000022413 - What is the output length size of RKM encrypt and HMAC operations?

Document created by RSA Customer Support Employee on Jun 14, 2016Last modified by RSA Customer Support Employee on Apr 22, 2017
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Article Number000022413
Applies ToRSA Key Manager (RKM) Client 1.5.x
RSA Key Manager (RKM) Client 2.1.x
IssueWhat is the output length of RKM encrypt and HMAC operations?
Resolution

The 1.5.x EncryptData operation produces output of length (in bytes):

KeyID + null byte + IV + ciphertext

KeyID = the length of the Key ID, in bytes.  Can be between 1-10 bytes, although most often this is 9 or 10 bytes

IV = the Initialization Vector for AES.  This is always 16 bytes

ciphertext = the AES ciphertext.  This is always a multiple of 16 (the block size of AES), and is always the next multiple of 16 after the plaintext length; for example, 15 bytes plaintext produces 16 bytes ciphertext, and 45 bytes plaintext produces 16*3=48 bytes ciphtertext.


The 1.5.x HMACData operation produces data of length (in bytes):

KeyID + null byte + mac

mac = the output produced by the SHA-256 digest, which is always 32 bytes.


If you need to store data as printable characters in a database, then you need to Base64 encode the data (which transforms it into printable characters, but increases the size of the data).

With the 1.5.x client, if the data is returned in Base64 format (for instance by setting the final parameter of EncryptData to TRUE), then it will be roughly 4/3 the size of what is indicated above.  To be exact, Base64 encoding transforms every 6 bits of input data into 8 bits of output, in four byte chunks.  So, 3 bytes of input become 4 bytes of output.  If an even multiple of 3 bytes of input data is not available, then the result is padded out to the nearest multiple of 4 bytes.  The size of the output (4/3 rounded up to a multiple of 4 bytes) is simpler to calculate by rounding the input data up to a multiple of 3 before multiplying by 4/3.   

For example, when encrypting 20 bytes:

Ciphertext = 20 bytes rounded to the next multiple of 16 = 32

KeyID + NULL + IV + Ciphertext = 10 + 1 + 16 + 32 = 59 bytes before Base64 encoding.

59 rounded up to a multiple of 3 is 60.

60 * 4/3 = 80 bytes of output.


For the 1.5.x client, this table lists MS Excel formulas that can be used to calculate the length of the output for a given plaintext length:

 A BCD
 1  Raw BytesBase64 encoded 
 2 Inputs Plaintext Length  [enter length] 
 3  Key ID Length (max: 10) [1-10] 
 4    
 5 Outputs encrypted data =C3+1+C8+C9 =Ceiling(C5*4/3, 4)
 6  HMAC value =C3+1+C10 =Ceiling(C6*4/3, 4)
 7    
 8  IV 16 
 9 Internal values ciphertext (AES) =Ceiling(C2+1, 16) 
 10  HMAC (SHA-256) 32 


For RKM 2.1.x, things are a bit different (although you can still choose the 1.5.x format for compatibility purposes):

The RKM 2.1.x client R_KM_KEY_encrypt operation produces data of length (in bytes):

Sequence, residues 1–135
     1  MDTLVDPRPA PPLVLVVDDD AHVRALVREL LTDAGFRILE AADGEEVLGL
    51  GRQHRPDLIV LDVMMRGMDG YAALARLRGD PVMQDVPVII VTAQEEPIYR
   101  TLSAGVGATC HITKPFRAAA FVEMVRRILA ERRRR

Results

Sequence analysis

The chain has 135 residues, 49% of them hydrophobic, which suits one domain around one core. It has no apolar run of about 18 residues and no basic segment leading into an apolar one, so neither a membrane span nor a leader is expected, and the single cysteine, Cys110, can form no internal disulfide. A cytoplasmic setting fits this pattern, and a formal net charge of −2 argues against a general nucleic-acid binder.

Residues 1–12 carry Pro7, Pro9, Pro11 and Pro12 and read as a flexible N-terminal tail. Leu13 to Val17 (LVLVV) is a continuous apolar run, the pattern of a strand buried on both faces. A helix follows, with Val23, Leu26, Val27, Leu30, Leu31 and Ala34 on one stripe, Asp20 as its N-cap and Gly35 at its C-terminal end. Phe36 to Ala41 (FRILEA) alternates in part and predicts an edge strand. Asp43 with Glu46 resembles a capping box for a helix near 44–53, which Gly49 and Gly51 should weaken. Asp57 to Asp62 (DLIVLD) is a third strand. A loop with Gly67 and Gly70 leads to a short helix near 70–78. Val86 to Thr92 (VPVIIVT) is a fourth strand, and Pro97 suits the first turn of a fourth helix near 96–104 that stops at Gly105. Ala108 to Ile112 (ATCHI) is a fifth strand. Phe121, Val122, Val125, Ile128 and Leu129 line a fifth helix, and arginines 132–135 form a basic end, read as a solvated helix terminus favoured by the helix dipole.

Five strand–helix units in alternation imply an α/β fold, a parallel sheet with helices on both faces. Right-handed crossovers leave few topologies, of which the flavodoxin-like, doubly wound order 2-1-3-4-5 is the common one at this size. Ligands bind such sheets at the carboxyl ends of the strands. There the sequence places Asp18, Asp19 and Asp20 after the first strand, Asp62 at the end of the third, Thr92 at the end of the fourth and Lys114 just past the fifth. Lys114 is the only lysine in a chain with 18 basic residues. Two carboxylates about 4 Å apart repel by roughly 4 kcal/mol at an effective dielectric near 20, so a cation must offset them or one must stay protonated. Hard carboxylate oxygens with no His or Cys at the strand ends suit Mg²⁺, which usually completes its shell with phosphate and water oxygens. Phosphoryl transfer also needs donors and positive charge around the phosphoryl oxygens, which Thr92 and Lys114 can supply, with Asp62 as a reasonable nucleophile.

2.1.x format:

The 2.1.x client uses a 121 byte header that includes a UUID (KeyID), the IV, etc.

In the example above, we would have:

Encryption Header + ciphertext = 121 + 32 = 153 bytes

If this is too large (it is always bigger than 100 bytes), or for compatibility purposes, you may prefer to us the 1.5.x format:

1.5.x format:

KeyID + null (byte) + IV + ciphertext

KeyID = Can be between 1-10 bytes, although most often this is 9 or 10 bytes

IV = The Initialization Vector for AES. This is always 16 bytes

Ciphertext = The encrypted data. This is always the next multiple of 16 (the AES block size) after the plaintext length; for example, 15 bytes plaintext produces 16 bytes of ciphertext, and 45 bytes plaintext produces 48 bytes of ciphertext.)

Plaintext = The data before encryption.

For example, when encrypting 20 bytes (with a 10 byte KeyID):

Ciphertext = 20 bytes rounded to the next multiple of 16 = 32

KeyID + null + IV + Ciphertext = 10 + 1 + 16 + 32 = 59 bytes

You can choose the 1.5.x format with the R_KM_KEY_set_crypto_format command and ID R_KM_DATA_FORMAT_INFO_ID_VER151 or R_KM_DATA_FORMAT_INFO_ID_VER151_BASE64 (for Base64 encoding).


In the RKM 2.1.x client, data can be returned in Base64 format  by calling R_KM_KEY_set_crypto_format with R_KM_DATA_FORMAT_INFO_ID_VER151_BASE64.

The RKM 2.1.x client does not currently support a Base64 version of the 2.1.x format. In this case, you would need to perform the Base64 encoding yourself, with another BSAFE cryptography library or other 3rd party library.

NotesThe length of the raw cipher text, when using AES (no matter what mode is used) will always be ?the size of the data rounded up to the next 16 bytes boundary.
The 1.5 RKM header format will then add 17 bytes to the cipher text.
The 2.1 RKM header format will then add 121 bytes to the cipher text when using the 2.1, 2.2 or 2.5 client.
The 2.1 RKM header format will then add 170 bytes to the cipher text when using the 2.7 client.
The 2.7 RKM header format will then add 202 bytes to the cipher text.
Legacy Article IDa37783

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